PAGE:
3. Commitment and Consistency
Generally, once we say “yes” to something, we are much less likely to back out, because keeping our word is a noble quality, and allows us to function well as a society. The need to “save face” and be consistent is deeply ingrained in our culture, and we fear the social shame attached to being known as inconsistent. This is evidenced by the very language we use to describe someone who changes their mind often or won’t readily commit—”wishy-washy,” “flip-flopper,” or “wimp.”
We can use this principle to influence others by getting them to say yes to something small, preferably through a public declaration, then gradually making larger requests. (This is also known as the “foot-in-the-door” technique.) Another way to profit by the use of the commitment and consistency principle is to remind someone who is hesitant to side with you of decisions they’ve made in their past. By highlighting how your request is similar, you indicate that the decision they are currently facing should be consistent with one they’ve made in the past.
Similarly, be careful of these techniques being used on you, and feel free to quote the economist John Maynard Keynes: “When the facts change, I change my mind. What do you do, sir?”
It should come as no surprise—particularly if you’ve ever been invited to an Avon sale, Tupperware party, or pyramid scheme offering—that we tend to say “yes” to people we know and like. Hearing our name said over and over—a common sales technique—helps us like the person we are speaking with, especially if they are physically attractive.
Receiving compliments and finding similarities between ourselves and others also helps us be persuaded when we otherwise might not be. While we can use these techniques for our own benefit—so long as they aren’t recognized as such by others—we can also make note of when others might be using them on us.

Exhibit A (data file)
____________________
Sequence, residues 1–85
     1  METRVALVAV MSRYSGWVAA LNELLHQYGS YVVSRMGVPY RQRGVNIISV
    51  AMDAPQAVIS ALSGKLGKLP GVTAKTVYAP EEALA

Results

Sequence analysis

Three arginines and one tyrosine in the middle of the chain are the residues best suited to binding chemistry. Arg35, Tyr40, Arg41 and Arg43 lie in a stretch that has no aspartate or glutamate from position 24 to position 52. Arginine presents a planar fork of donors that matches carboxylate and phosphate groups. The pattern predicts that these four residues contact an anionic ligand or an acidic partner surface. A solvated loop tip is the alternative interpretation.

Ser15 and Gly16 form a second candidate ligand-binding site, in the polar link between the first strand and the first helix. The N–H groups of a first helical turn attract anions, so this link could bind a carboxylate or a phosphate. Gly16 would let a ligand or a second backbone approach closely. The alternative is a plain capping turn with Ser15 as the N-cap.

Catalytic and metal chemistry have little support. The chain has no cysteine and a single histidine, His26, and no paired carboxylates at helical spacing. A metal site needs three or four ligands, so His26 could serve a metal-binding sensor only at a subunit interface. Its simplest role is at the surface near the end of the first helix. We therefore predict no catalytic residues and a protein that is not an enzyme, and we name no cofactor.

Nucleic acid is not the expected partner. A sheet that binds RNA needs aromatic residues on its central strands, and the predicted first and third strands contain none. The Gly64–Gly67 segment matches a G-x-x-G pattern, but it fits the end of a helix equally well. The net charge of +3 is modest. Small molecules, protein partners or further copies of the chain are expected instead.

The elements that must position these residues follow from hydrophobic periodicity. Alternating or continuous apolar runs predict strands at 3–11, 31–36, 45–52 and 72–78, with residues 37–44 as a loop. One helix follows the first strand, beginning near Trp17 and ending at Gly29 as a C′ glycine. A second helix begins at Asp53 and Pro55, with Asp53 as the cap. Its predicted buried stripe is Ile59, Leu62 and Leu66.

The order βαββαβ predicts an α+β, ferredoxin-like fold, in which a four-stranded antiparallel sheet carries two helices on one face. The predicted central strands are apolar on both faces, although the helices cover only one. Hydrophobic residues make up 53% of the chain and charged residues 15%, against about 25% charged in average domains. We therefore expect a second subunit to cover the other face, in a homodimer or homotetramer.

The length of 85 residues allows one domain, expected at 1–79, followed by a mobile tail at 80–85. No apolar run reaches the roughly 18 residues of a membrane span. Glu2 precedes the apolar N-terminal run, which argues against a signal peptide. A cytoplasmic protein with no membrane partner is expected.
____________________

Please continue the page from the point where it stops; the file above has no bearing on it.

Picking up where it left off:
Want to know more about the power of persuasion? Check this video out below!
Simply put, people respect others who are credible experts in their field. We’re more likely to pay attention to medical advice from “Dr. Oz” than we would be from “Mr. Oz.” Similarly, we are more willing to purchase performance-enhancement products if they are promoted by people with superior physical skill, which is why product endorsements are so lucrative for athletes.
We trust our “dentist-recommended” toothpaste brands, not because we understand the chemistry of toothpaste enough to differentiate between brands, but simply because we believe a dentist has recommended it. Even a well-known spaghetti sauce brand has recently used an interesting display of authority in its television spots to attest the greatness of their sauce: Italian grandmothers.
All of these authoritative individuals, Italian grandmothers, and their sauce-tasting skill included are presumably far more knowledgeable about a specific topic than we are. It saves us time to put our trust in authority; it’s cognitively resourceful and also helps shift the blame if the products we purchase don’t turn out to be as wonderful as we’d been led to believe by the authority.
To employ influence yourself, cite or become a recognized expert about a certain subject and exert influence based on that expertise, whether on your office team or your soccer team. As for protecting yourself from being influenced by seeming authorities, carefully screen through their messages and recognize the advantages they may be receiving from trying to persuade you before you are swayed by a message given on authority alone.